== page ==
Could it be that human beings are altruistic, after all?

Research suggests that the more money a lost wallet contains, the higher the chance the owner will get it back

  • Published 24.06.19, 6:34 PM
  • Updated 24.06.19, 6:34 PM
  • 3 mins read
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Perhaps the thought of depriving someone of a sum of money that could make a big difference compels finders of lost wallets to put themselves in the shoes of the loser (Shutterstock)

Sir — Truth is indeed stranger than fiction. Latest research suggests that the more money a lost wallet contains, the higher the chance the owner will get it back. Unsurprisingly, this left economists scratching their heads. Could it be that human beings are an altruistic lot after all? It could be argued that the thought of depriving other people of a sum of money that can make a big difference forces the finders of lost wallets to put themselves in the shoes of the loser and, as a result, return the wallet. This would not be a factor when the sum of money is not significant.

Samir Pal,
Calcutta

Five-time member of parliament from Berhampore, Adhir Ranjan Chowdhury
Five-time member of parliament from Berhampore, Adhir Ranjan Chowdhury (PTI)

Strong leader

Sir — After its dismal performance in the Lok Sabha polls and the resignation of the party president, Rahul Gandhi, the Congress seems to have no clue about who to select as a new leader. Is there a dearth of experienced leaders who have worked their way up from the grass roots in the Congress? The few stalwarts still in the party are armchair politicians, mostly descendants of families with a political background. It is thus hardly surprising that the party has zeroed in on the five-time member of parliament from Berhampore, Adhir Ranjan Chowdhury, as the leader of the Congress in the Lok Sabha.

Chowdhury has served the Congress loyally for a long time now. He has an impeccable record as an organizer. Chowdhury would be an ideal choice for the post of the party president as well. Selecting Chowdhury, a hard-working Congressman who still has an ear to the ground, would be the perfect way to wash away the stains of dynastic politics that have stained the Congress.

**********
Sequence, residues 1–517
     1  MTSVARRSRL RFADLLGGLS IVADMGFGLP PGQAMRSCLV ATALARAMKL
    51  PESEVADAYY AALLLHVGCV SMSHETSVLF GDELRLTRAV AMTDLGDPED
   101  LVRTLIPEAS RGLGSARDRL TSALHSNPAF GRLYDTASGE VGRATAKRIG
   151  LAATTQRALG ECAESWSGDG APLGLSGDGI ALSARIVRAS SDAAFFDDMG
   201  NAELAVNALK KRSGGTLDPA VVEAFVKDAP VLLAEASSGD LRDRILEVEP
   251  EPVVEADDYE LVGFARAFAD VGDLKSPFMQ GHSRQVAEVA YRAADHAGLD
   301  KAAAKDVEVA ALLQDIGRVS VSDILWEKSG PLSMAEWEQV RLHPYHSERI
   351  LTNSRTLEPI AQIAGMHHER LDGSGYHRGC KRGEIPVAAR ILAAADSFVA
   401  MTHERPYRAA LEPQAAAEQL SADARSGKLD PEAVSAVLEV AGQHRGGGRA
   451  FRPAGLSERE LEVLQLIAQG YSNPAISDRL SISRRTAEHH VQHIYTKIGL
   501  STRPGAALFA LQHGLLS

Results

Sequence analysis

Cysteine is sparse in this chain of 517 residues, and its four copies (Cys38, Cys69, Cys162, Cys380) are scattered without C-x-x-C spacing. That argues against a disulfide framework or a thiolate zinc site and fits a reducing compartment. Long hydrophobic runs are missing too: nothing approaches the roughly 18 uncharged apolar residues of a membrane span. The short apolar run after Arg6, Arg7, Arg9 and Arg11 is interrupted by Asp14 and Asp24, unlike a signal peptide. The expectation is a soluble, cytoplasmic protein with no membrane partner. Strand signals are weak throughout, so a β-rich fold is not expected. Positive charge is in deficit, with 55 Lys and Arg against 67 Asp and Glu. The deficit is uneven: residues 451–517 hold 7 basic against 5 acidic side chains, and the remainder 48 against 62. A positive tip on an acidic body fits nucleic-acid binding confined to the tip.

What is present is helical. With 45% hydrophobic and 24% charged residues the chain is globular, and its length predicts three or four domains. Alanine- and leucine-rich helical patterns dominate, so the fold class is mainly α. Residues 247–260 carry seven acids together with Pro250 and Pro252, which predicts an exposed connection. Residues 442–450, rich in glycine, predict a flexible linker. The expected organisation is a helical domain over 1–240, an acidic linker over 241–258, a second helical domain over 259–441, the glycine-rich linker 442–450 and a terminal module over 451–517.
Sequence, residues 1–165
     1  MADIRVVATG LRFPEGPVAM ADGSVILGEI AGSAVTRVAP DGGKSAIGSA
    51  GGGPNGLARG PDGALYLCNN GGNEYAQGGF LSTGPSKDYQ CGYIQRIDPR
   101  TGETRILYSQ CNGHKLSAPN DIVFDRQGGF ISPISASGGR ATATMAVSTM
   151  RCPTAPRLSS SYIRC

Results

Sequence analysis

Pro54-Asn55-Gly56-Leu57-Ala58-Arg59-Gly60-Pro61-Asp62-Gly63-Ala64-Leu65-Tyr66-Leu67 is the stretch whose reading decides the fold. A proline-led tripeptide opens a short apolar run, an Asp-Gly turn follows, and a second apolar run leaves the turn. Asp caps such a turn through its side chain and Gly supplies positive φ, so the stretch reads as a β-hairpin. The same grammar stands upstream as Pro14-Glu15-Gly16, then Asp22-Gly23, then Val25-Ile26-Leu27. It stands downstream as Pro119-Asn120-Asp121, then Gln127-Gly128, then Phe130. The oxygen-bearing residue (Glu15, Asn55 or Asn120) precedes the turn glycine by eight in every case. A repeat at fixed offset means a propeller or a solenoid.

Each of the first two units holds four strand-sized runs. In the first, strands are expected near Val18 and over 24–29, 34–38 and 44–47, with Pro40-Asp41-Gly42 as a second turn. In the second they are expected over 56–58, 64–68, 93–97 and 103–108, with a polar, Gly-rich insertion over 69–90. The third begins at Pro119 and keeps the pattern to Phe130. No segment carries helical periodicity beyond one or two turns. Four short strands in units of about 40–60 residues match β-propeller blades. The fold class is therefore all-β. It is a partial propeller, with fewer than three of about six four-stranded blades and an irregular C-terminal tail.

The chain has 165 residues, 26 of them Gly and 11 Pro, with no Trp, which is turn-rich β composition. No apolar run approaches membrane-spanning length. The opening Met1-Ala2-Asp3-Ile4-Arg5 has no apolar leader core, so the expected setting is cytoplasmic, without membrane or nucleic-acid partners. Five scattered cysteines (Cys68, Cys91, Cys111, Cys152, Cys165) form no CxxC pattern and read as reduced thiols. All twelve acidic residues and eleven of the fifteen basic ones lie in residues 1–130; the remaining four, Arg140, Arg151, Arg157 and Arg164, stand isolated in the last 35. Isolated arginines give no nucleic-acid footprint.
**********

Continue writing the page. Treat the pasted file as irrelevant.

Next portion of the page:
Kalisankar Adhikari,
Calcutta

Sir — The elevation of Adhir Ranjan Chowdhury as the leader of the Congress in the Lok Sabha is laudable. Chowdhury was among the first to dare to dream of stopping the Left Front juggernaut in West Bengal more than two decades ago. It is he who can, once again, have the courage to face the juggernaut that is threatening to change India forever.

The selection of Chowdhury to lead the party in the Lok Sabha is a heartening sign. Chowdhury has earned this place for himself. Winning in the 17th Lok Sabha election was no mean feat for him, especially in a state where the Congress is organizationally very weak. This speaks volumes about Chowdhury’s abilities as a leader. One hopes he will work as hard to bring about positive changes in the Congress. Unless the Congress is run as a tight ship with a strong captain at its helm, it will not be able to defeat the Narendra Modi-led Bharatiya Janata Party.

Jayanta Datta,
Hooghly

Sir — The BJP spared no effort before the general elections to highlight the importance of West Bengal. Yet, it has nominated only two deputy ministers from the state out of its 18 MPs. But the Congress, which has just two MPs from Bengal, has made one of them the leader of the party in the Lok Sabha. This has proved, once again, that the BJP only believes in paying lip service to the region.

Following the prolonged illness and subsequent death of Priya Ranjan Das Munshi and the election of Pranab Mukherjee as the president, Bengal had faded from the fabric of the Congress. Adhir Chowdhury’s new role will now provide a boost to the Congress in Bengal. Chowdhury deserves to be appreciated for boldly choosing to take his oath in chaste Bengali.

Kajal Chatterjee,
Calcutta

Sir — Kudos to Sonia Gandhi for nominating Adhir Ranjan Chowdhury as the leader of the Congress. Chowdhury, the five-time MP from Berhampore, is strongly connected to the people and the rank and file of the party. He has managed to hold fort in spite of the Trinamul and now the BJP wave that swept across the state. The elevation of Chowdhury would also send a strong message to the electorate that the party will reward those who work on the ground.

It is expected that the Congress will give Chowdhury a free rein. Chowdhury, too, has stated that he is a dedicated soldier of the Congress and will not fail the party. He will ably highlight the loopholes of BJP-led National Democratic Alliance government and lay stress on implementing people-friendly schemes. But more than anything, one wishes that Chowdhury will be able to re-energize the Congress in his own home state, where the party has been reduced to less than a shadow of its former self.

Jayant Mukherjee,

Calcutta

Parting shot

Sir — A journalist recently received a lot of flak for heckling doctors and nursing staff in a hospital in Bihar. This, of course, is a violation of journalistic ethics. But one must ask why were a reporter and a cameraman allowed to enter the ICU of a hospital in the first place? She made a nuisance of herself and there seemed to be no one at the health institution who could stop her. It is people who suffer for the collective failure of various institutions.

Rima Roy,
Calcutta